‘Superman’ highlights the best of Rebirth.
Having read the initial three volumes of Peter J. Tomasi and Patrick Gleason’s Superman run, it’s been interesting to see how DC is retconning the Man of Steel throughout the Rebirth initiative. Although I have not read Action Comics as well as the crossover event Superman Reborn, based on this fourth volume, some things have changed (with a suit with a new belt buckle) and some haven’t (failing to maintain a normal family life in Hamilton County, USA).
When Batman and Robin make a visit at the Kent farm, Bruce Wayne confirms that Superman’s human-Kryptonian son Jon is becoming more powerful and could be seen as a potential threat, much to the chagrin of Clark. However, when a darkness lurks beneath their adopted home of Hamilton, the relationship between father and son is put to the test.
Following the third volume, which featured a clustered storyline about the Multiverse, Tomasi and Gleason keep Superman ground this time around as what works best about this run is how Superman functions as both father and husband, as well as how his son is trying to follow his footsteps while also forging his own life. At the start of the first issue, Jon is trying to jump off a tree in order to fly and throughout the course of the volume, not only does he come to the realization that he might be more even powerful than his dad, but his sense of justice may not be as simple, especially during a reprisal of the giant squid from issue #2.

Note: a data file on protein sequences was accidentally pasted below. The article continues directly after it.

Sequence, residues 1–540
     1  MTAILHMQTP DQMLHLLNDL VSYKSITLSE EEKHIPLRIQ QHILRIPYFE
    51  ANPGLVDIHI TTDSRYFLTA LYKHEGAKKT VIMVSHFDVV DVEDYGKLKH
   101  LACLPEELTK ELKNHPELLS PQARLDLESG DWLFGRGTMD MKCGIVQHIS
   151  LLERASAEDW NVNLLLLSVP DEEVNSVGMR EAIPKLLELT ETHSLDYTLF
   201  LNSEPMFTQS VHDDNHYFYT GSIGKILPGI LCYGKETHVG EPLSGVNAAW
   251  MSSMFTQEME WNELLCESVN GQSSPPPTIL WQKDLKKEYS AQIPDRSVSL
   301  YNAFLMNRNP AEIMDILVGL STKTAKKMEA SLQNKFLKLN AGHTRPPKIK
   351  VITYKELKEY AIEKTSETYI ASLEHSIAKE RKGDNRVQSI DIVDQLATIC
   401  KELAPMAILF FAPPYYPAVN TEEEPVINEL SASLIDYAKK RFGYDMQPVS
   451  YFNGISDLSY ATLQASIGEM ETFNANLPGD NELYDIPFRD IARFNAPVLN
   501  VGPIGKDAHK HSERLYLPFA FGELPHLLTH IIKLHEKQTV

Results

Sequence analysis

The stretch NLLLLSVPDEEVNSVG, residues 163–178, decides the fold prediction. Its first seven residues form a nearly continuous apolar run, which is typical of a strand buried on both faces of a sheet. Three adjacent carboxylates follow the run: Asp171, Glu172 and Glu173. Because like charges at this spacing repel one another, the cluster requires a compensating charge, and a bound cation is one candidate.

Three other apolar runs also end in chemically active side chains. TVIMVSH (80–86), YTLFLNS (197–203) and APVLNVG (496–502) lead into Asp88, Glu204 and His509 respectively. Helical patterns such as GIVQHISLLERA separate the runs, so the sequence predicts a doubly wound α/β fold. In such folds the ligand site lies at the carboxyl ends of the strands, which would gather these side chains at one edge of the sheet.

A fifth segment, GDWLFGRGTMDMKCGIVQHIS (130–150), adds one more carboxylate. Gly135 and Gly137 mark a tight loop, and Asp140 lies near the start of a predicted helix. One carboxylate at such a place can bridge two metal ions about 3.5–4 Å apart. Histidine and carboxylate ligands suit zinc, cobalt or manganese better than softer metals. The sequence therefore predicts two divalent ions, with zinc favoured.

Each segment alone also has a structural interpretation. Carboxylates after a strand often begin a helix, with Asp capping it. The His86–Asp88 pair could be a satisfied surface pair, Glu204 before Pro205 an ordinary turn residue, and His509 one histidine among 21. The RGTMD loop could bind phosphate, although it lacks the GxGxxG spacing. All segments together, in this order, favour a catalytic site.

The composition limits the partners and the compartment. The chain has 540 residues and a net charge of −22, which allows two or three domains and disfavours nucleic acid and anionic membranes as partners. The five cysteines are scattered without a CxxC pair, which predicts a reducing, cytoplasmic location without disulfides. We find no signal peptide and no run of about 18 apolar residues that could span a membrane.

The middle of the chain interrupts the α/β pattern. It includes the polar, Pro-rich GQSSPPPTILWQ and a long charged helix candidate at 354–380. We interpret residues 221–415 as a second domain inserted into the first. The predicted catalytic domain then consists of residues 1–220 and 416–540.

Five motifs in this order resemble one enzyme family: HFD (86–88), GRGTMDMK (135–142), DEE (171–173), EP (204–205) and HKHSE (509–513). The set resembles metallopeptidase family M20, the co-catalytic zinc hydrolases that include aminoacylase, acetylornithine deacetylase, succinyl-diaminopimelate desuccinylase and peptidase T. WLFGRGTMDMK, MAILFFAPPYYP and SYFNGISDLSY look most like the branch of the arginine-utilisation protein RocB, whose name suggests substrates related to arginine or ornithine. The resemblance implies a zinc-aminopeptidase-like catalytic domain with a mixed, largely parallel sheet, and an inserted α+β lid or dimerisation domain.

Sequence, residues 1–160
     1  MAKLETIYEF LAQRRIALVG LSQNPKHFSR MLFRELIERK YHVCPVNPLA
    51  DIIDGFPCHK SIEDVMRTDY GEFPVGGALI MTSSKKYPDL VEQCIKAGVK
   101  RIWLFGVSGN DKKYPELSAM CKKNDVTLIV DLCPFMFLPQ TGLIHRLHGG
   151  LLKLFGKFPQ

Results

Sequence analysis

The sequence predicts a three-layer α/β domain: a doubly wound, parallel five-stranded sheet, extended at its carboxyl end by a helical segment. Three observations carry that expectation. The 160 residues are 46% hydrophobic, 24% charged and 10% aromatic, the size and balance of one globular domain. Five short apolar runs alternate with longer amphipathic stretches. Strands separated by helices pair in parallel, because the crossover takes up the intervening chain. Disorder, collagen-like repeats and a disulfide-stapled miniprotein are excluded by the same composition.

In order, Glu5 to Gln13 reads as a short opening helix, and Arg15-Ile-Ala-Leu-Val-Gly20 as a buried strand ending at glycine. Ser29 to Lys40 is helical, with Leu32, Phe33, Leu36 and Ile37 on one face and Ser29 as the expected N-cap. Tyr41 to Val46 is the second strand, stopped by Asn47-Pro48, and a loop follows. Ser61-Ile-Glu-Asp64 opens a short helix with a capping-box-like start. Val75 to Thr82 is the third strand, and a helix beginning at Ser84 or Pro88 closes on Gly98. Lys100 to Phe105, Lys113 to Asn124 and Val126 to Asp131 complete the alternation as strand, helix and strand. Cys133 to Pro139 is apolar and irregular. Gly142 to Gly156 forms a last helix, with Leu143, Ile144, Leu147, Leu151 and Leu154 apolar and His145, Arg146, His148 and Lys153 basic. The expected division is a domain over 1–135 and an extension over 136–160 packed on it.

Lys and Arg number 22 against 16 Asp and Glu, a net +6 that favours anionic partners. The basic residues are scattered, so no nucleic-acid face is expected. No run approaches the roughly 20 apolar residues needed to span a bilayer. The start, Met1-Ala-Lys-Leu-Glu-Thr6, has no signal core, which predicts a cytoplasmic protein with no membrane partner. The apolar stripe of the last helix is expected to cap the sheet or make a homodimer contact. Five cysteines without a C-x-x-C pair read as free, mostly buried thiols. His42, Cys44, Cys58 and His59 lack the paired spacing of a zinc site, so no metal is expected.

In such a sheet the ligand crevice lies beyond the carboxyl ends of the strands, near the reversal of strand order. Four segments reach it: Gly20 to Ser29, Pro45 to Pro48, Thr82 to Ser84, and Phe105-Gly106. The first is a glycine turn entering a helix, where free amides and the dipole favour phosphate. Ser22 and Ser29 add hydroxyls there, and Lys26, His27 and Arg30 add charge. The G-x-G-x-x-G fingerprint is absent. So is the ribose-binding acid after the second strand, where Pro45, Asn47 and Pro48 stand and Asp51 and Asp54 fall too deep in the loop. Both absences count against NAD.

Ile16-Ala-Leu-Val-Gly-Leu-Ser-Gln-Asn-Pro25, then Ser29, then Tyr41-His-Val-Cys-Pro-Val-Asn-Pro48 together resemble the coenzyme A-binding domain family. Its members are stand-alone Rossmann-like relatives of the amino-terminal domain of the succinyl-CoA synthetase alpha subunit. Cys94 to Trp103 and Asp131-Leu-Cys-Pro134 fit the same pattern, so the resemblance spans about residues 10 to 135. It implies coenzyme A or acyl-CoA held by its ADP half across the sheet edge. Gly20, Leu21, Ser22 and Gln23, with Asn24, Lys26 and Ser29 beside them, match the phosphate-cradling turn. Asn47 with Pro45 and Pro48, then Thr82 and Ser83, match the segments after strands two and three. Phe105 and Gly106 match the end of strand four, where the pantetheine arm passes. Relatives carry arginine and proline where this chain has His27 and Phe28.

I have said this in previous articles about recent DC titles, but both the curse and blessing of Rebirth is the telling of stories that strongly evoke the publisher’s history, and certainly this run has fallen into this pitfall. Yes, Superman at his heart is the “Big Blue Boy Scout,” and can be difficult to write. Tomasi and Gleason have no problem here as the character begins to discover that Hamilton County may not have the simplicity he’d expected from Smallville and the darkness he confronts makes things complicated, including friends and family.
Although in the later stages when the sci-fi element becomes more bombastic and less interesting as the main antagonist is revealed (hence the curse of Rebirth), what ultimately keeps the book entertaining is its cast of heroes such as Batman, who shows off his detective skills in the fields of Hamilton County as opposed to the streets of Gotham City, while the typically boyish chemistry of the Super Sons continues to shine. There’s even an issue where Lois Lane shows she can kick ass against the outlandish threat without the help of her super-husband.
Throughout this run as co-storyteller, Patrick Gleason has gotten better with his art, which is known for his big-eyed, cartoonish character designs. However, in collaboration with numerous inks, Gleason illustrates great sequences that balances big action and family intimacy, the standout being the squid fight in issue #21. Along with Gleason, regular artist Doug Mahnke takes art duties and his strengths here lean towards sci-fi and horror elements that gave this arc an appropriate action-packed visceral feel.
Although things certainly got darker for the Kent family and their hometown, the creators never lose sight of what makes their Superman run great.